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Props for surgery, props for life

Recent foot surgery up in Denver has truly humbled me to the plight of disability and old age.

I am home now with many weeks ahead of non-weight-bearing and getting around my house on a knee scooter. The scooter is amazing and has really made a difference in my ability to be at home rather than in a care facility. So has my neighbor, who is graciously available to help at my beck and call.

I can’t leave out the wonderful choir of angels who bring me dinners, take me out for little road-trip escapades and check in on me. My heart is full of gratitude. It’s difficult operating with only one leg.

Knowing I needed this foot rebuild for a while, I had the chance to plan for it. Before the big day, I investigated the information and many services that were available to me here in La Plata County. The Durango/La Plata County Senior Center shared all the nuts and bolts of Medicare and home health and what and how it is or isn’t covered. It also has a storage shed full of crutches, potty-risers, shower chairs and a great service of sending Bob to install grab bars on my shower.

Little did I know then, but now I am so thankful for these things. At the time, I was a bit overwhelmed, and shuddered at the sight of all these symbols of aging, illness and death. Bringing them all home and into my house, I noticed I felt embarrassed and humiliated in front of my neighbor who was out raking leaves. What did this all mean? Am I really in need of all this gear? I’m so strong and healthy and active, surely this is overkill.

A couple of days went by and I talked this out with friends. Then, proceeded to do some yoga with my yoga block and strap, props that allow me to go deeper into my poses. A light bulb went off: What was the difference between yoga props and these life props that would enable me to get into the poses of life more deeply; walking, toileting, showering, etc.?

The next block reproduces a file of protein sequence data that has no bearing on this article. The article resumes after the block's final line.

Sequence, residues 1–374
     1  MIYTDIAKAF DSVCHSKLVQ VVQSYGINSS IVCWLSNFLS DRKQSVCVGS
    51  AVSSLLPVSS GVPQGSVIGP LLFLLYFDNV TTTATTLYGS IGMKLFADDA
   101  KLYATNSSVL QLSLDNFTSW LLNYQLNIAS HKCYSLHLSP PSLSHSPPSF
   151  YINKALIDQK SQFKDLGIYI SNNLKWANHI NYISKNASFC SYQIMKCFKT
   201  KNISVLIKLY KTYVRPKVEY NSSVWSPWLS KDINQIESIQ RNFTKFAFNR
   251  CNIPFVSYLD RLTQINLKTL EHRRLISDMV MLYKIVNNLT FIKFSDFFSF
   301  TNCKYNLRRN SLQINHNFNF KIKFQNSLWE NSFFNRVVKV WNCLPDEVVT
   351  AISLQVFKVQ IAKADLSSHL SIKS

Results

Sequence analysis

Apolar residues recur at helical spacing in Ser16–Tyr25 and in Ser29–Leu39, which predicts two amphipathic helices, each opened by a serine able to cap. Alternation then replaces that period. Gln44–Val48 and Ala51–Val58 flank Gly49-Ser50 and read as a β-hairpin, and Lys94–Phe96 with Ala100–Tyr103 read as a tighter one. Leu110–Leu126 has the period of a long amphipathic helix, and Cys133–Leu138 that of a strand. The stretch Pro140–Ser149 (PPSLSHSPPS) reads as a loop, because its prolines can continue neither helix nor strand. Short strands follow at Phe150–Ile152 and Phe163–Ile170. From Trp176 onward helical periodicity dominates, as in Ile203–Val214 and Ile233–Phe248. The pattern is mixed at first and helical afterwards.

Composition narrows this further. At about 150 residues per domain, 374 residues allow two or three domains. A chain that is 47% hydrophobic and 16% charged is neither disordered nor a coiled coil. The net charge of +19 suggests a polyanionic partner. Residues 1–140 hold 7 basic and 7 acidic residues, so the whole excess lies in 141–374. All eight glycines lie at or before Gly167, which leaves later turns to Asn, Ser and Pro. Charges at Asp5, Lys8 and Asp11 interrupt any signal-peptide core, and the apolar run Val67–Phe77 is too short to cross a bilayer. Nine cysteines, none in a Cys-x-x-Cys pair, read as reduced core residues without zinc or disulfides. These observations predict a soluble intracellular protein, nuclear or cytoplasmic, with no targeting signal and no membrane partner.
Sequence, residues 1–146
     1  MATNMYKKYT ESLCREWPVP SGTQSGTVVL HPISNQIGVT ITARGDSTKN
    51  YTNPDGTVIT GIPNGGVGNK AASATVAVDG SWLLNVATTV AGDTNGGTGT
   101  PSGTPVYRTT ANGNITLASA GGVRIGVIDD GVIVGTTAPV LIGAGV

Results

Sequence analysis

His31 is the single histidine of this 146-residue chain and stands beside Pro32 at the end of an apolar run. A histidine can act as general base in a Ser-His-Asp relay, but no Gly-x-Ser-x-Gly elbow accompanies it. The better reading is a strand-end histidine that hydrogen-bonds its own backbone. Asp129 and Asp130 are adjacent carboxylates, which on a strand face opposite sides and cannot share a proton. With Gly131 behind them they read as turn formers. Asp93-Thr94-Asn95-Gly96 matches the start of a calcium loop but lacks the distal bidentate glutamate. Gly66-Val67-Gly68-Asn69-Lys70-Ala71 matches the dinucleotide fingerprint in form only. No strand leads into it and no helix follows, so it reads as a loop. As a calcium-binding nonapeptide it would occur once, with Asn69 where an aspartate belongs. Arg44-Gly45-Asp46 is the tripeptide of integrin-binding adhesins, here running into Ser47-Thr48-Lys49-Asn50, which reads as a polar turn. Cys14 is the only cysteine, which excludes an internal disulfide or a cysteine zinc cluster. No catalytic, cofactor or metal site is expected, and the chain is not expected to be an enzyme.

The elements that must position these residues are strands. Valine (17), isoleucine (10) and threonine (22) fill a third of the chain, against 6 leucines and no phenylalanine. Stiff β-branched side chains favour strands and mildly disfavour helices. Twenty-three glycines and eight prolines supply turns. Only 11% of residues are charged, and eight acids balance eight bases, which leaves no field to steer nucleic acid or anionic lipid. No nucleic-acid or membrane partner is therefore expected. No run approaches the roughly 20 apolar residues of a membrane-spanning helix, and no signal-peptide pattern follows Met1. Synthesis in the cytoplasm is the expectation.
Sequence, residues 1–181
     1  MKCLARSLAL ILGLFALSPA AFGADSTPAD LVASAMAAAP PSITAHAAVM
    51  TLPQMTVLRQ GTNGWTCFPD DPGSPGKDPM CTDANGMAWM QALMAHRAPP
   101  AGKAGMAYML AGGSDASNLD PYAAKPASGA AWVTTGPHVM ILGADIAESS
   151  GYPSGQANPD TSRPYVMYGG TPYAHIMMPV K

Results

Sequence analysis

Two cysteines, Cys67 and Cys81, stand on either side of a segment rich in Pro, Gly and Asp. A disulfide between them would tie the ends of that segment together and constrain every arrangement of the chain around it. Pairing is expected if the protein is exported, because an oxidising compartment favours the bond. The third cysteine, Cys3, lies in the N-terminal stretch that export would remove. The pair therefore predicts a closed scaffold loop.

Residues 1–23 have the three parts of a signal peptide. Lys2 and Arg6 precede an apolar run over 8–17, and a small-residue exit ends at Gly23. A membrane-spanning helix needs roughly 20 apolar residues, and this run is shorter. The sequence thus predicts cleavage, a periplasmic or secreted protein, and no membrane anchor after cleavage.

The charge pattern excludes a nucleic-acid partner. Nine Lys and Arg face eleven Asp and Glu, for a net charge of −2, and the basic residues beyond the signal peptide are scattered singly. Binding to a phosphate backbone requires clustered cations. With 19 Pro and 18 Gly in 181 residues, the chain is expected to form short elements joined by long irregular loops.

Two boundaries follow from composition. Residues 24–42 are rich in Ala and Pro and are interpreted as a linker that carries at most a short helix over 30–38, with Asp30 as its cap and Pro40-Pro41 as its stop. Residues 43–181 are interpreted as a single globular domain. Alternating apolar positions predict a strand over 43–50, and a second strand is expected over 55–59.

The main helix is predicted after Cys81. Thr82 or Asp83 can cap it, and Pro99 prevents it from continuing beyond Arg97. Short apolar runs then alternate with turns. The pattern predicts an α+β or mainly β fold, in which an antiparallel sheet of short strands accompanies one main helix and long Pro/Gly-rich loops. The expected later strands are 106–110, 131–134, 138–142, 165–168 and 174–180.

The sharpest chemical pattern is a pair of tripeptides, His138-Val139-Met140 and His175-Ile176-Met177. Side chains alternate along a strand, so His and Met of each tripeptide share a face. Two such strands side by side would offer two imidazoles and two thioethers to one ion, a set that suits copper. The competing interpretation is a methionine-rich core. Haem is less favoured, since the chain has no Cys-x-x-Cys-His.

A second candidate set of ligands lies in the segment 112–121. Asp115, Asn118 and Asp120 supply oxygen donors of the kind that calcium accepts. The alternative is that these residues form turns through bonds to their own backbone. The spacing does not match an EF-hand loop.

What an awakening for me; what a shift in seeing and an acceptance of this next phase of life. Now, as I hobble around the house, I find utter necessity and even joy in these props ... and I feel I’ve gotten a taste of really old age and disability. Little by little, these “adjustments” come into our lives – they may start with reading glasses, hiking poles, then hearing aids and on and on.

There is a great difference between humiliation and humility. Humiliation is loaded with shame, and an expectation for how things should be. Humility has no shame; it is the freedom to accept what is and be comfortable with it. It takes some humility to acknowledge how we’re honestly feeling and treat ourselves gently.

Are these supports really symbols of death? Or are they symbols of initiation into the next life stage?

The experience has touched me deeply. I am so much more sensitive to friends with canes, friends who are losing their sight, others in walkers and wheelchairs. It is humbling, and I feel a deep human connection to know we are all in this aging process together and doing the best we can. Courage!

So my intention, or New Year’s resolution if you want to call it that, is to move into these next steps of elder years with as much acceptance, respect and grace as possible.

Martha McClellan has lived in Durango since 1993 and has been an educator, consultant and writer. Reach her at mmm@bresnan.net.